Idiomatic let*, Result.bind and Lwt.bind

is that idiomatic Ocaml?

let to_let_or_not_to_let () : (unit,string) result Lwt.t =
  let ( let* ) (r : ('a,'b) result) (f : 'a -> ('c, 'b) result Lwt.t) : ('c,'b) result Lwt.t =
     match r with 
    | Ok r         -> f r
    | Error _ as e -> Lwt.return e in
  let* _ : string = Ok "string" in
  let%lwt s = Lwt.return (Ok "another") in
  let* _ : string = s in
  let* _ = Error "string" in
  Lwt.return (Ok ())

let outer () = 
  to_let_or_not_to_let ()

(required e.g. here seppo/ at e6a1942533f604e863d8588f05cea7bfa320fecc - seppo -

Is that the way to do it? Should the let* have another name?

I know very little about Lwt, but there’s Lwt_result which might already offer what you’re looking for.


I don’t use the syntax extension (the let%lwt) so I’m not sure what’s idiomatic for this use case. I don’t know if there are established guidelines for mixing the syntax extension and the binding operators. It’s definitely ok for the compiler, but Idk what the human reviewers who have encountered this sort of code a lot think about it.

That being said, in tezos we have some mixed lwt, result, and lwt+result monads all working side-by-side. We do this with multiple operators:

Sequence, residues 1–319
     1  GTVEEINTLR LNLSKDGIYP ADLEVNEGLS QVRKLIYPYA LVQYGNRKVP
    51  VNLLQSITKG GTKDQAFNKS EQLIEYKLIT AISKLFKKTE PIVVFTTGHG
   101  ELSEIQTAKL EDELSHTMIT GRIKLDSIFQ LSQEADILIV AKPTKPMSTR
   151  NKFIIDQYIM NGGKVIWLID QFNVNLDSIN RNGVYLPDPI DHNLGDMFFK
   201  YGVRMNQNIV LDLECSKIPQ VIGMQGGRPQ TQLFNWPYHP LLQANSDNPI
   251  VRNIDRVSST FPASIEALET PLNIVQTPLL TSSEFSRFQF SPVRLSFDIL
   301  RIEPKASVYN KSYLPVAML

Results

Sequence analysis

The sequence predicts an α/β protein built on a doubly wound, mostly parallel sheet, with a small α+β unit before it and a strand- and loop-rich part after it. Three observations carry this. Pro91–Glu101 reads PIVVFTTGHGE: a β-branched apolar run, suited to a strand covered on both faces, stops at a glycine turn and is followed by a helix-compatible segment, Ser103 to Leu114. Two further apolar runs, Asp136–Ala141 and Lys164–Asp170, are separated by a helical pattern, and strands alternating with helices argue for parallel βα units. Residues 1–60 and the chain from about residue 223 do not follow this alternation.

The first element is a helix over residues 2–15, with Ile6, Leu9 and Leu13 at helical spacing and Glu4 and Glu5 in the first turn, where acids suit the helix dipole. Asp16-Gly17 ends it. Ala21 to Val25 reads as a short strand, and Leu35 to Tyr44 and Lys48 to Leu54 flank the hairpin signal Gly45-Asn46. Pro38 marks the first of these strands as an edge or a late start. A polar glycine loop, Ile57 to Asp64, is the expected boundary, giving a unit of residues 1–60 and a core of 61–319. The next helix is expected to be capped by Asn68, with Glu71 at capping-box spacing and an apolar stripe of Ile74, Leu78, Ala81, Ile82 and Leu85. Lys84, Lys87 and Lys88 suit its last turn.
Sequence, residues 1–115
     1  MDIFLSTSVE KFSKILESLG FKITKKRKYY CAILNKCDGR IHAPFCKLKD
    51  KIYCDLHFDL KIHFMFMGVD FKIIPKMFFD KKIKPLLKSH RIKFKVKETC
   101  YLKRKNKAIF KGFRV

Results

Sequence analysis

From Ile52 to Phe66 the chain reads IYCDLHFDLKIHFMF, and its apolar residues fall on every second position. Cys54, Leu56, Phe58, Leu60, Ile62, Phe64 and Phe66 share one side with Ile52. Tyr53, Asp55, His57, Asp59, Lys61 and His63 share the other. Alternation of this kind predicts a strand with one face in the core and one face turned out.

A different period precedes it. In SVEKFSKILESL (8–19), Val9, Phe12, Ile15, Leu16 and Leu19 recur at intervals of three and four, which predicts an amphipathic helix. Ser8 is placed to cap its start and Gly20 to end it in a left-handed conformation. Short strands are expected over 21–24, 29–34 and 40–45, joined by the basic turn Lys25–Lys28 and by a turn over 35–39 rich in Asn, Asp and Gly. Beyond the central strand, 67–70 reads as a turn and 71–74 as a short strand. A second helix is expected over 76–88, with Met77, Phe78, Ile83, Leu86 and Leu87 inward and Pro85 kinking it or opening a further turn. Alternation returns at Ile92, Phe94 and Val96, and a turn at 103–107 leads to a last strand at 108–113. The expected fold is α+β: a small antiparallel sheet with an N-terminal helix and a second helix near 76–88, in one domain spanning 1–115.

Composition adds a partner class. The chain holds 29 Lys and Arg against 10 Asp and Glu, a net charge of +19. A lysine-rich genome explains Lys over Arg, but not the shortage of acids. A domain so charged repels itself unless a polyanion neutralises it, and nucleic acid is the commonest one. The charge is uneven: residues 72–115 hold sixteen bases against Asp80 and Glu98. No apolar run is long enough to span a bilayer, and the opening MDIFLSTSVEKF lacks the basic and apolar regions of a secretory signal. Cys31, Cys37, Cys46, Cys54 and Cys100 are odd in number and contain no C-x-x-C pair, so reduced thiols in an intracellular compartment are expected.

module Lwt_result_syntax : sig
    val ( let* ) :
      ('a, 'e) result Lwt.t ->
      ('a -> ('b, 'e) result Lwt.t) ->
      ('b, 'e) result Lwt.t
    val ( let*! ) : 'a Lwt.t -> ('a -> 'b Lwt.t) -> 'b Lwt.t
    val ( let*? ) : ('a, 'e) result -> ('a -> ('b, 'e) result Lwt.t) -> ('b, 'e) result Lwt.t
    (* some other helpers *)

Essentially we have the three binders which corresponds to the three different monads that you could be binding from: let* when binding from the full combined monad, let*? (where the ? represents the uncertainty of errors) when binding from a result, and let*! (where the ! represents the compulsory waiting for the resolution of the promise) when binding from an Lwt promise.

This would give you

let to_let_or_not_to_let () : (unit,string) result Lwt.t =
  let open Lwt_result_syntax in
  let*? _ : string = Ok "string" in
  let*! s = Lwt.return (Ok "another") in
  let*? _ : string = s in
  let*? _ = Error "string" in

(That’s a literal translation of your example; what you’d actually do is use let* _ = Lwt.return (Ok "another") in instead of the !-? sequence in the middle.)

We also have syntax modules for result-only blocks and lwt-only blocks. And even for lwt-option and option-only blocks.

You can check the whole interface and implementation which uses Lwt_result.


how can I write the type of r?

using your tips I arrived at the convenient let*% with

let ( let*% ) r f : ('b,'e) Lwt_result.t =
    match r with
    | Error _ as e -> Lwt.return e
    | Ok v         -> f v

lsp tells me ('a,'e) result but the compiler doesn’t accept it for line 101 in seppo/ at 20f02f88ce348f4de1bb3c91943904dd8d68e411 - seppo -